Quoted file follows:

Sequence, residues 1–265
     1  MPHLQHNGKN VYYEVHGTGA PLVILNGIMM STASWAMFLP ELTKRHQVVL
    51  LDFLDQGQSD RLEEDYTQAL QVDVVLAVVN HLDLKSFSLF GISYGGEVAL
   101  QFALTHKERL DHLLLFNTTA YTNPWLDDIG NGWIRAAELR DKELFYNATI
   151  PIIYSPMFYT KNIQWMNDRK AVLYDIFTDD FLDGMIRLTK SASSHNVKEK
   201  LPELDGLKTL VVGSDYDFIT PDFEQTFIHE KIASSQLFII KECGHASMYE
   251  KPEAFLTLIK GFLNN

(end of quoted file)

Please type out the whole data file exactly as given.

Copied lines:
Sequence, residues 1–265
     1  MPHLQHNGKN VYYEVHGTGA PLVILNGIMM STASWAMFLP ELTKRHQVVL
    51  LDFLDQGQSD RLEEDYTQAL QVDVVLAVVN HLDLKSFSLF GISYGGEVAL
   101  QFALTHKERL DHLLLFNTTA YTNPWLDDIG NGWIRAAELR DKELFYNATI
   151  PIIYSPMFYT KNIQWMNDRK AVLYDIFTDD FLDGMIRLTK SASSHNVKEK
   201  LPELDGLKTL VVGSDYDFIT PDFEQTFIHE KIASSQLFII KECGHASMYE
   251  KPEAFLTLIK GFLNN